Brasilia (Bra-zi-lee-ah) is the capital city of Brazil. Like Washington D.C in the USA, it is a Federal District and does not belong to any stare. With almost three million inhabitants, it is the fourth largest city in Brazil.
The city was built in the late 1950’s in order to change Brazil’s capital from Rio de Janeiro, where it had historically been, to the interior of Brazil.
Brasilia is unique in that it is a planned city. Urban planner, Lucio Costa, and architect, Oscar Niemeyer, were given the charge of creating this new city in, what was before, only dessert.
The city is divided into several sectors. The banking sector, hotel sector, and an embassy sector are examples. There are 124 foreign embassies in Brasilia and it is the center for the President, Congress and Supreme Court. The city also has the highest GDP per capita in all of Brazil.
Brasilia’s clean streets and nouveau style architecture make it a beautiful tourist destination and one reason that it will host many of the 2014 World Cup games.
While searching for a bus ticket, it is important to pay attention to the bus stations.
Some destinations only have routes to one bus station and others more than one station. Depending on where you will stay in the city, it can make a difference in time and price if you have a choice in bus stations. Here is a brief summary of each station:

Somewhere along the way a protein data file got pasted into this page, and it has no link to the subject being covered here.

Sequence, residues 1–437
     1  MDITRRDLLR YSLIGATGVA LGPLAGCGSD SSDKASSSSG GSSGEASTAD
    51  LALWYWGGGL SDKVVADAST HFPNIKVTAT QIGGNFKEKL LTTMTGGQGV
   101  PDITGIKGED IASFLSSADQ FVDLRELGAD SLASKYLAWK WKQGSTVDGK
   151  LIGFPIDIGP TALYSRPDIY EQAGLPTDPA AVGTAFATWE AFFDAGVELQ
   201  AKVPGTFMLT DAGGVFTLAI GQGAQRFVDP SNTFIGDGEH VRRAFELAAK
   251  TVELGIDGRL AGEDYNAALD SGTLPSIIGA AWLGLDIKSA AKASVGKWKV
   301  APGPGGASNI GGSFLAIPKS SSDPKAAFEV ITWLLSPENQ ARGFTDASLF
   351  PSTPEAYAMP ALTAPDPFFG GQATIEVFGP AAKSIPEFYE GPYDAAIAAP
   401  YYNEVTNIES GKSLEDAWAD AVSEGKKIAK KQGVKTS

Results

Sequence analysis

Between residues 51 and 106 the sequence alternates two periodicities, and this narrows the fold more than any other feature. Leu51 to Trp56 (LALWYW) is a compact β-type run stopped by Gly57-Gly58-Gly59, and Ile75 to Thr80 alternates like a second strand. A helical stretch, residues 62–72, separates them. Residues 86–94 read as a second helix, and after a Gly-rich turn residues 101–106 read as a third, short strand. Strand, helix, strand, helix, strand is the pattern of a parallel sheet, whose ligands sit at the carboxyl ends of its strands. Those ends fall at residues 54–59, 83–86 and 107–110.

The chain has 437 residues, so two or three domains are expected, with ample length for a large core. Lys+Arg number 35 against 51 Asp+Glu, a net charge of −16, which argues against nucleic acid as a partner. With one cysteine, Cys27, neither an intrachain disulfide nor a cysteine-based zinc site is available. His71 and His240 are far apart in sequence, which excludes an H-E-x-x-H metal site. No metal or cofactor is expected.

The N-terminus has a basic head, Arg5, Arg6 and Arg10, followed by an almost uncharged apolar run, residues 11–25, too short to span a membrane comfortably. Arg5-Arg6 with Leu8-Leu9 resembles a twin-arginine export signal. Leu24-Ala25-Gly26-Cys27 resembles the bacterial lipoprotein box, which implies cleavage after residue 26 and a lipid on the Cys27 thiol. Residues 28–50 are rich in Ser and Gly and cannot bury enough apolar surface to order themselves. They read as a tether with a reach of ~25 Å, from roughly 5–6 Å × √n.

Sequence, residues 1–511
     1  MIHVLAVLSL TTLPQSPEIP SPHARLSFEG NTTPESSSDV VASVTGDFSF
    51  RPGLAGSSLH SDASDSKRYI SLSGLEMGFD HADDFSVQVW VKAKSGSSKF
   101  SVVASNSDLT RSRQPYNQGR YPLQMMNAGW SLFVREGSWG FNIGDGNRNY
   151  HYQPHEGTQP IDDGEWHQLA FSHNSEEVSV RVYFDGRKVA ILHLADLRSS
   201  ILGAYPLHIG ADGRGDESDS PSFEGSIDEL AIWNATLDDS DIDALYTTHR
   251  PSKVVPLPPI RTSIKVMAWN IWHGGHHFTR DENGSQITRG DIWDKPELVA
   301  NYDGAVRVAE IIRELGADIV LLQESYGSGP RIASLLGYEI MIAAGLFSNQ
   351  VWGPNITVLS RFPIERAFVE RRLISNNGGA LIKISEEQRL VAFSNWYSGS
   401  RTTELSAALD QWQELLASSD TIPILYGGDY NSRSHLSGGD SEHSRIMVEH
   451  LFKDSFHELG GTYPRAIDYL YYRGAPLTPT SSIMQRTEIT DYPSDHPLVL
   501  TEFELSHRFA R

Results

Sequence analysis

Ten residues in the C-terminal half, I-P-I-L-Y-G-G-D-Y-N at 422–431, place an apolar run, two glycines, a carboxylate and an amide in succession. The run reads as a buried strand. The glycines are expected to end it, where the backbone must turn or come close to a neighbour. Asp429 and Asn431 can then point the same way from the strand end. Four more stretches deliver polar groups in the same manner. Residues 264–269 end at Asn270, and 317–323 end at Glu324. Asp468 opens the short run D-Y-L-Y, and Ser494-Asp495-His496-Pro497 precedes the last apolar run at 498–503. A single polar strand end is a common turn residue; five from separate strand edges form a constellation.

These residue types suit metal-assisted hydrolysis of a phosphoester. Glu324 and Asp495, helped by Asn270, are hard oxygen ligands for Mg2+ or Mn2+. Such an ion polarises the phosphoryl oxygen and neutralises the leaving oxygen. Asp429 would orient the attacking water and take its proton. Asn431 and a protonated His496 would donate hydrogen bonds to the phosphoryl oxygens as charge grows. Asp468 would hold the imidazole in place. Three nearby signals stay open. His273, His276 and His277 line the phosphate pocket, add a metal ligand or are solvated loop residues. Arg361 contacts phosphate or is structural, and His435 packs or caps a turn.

Terminal Rodoviário de Brasilia – Brasilia Bus Station
When speaking to a Portuguese speaker you can just say: Rodoviaria Brasilia or
The Brasilia Bus Station is new, big and designed for sustainability. The climate of Brasilia is hot and dry. Water is scarce and so the bus station has a system of collecting rain water and optimizing natural light. The grounds are watched closely by a system of security cameras so that you can come and go without worry. It also has all of the amenities you would expect; luncheonettes, bathrooms with showers, ATM machines, Wi-Fi, small stores and more.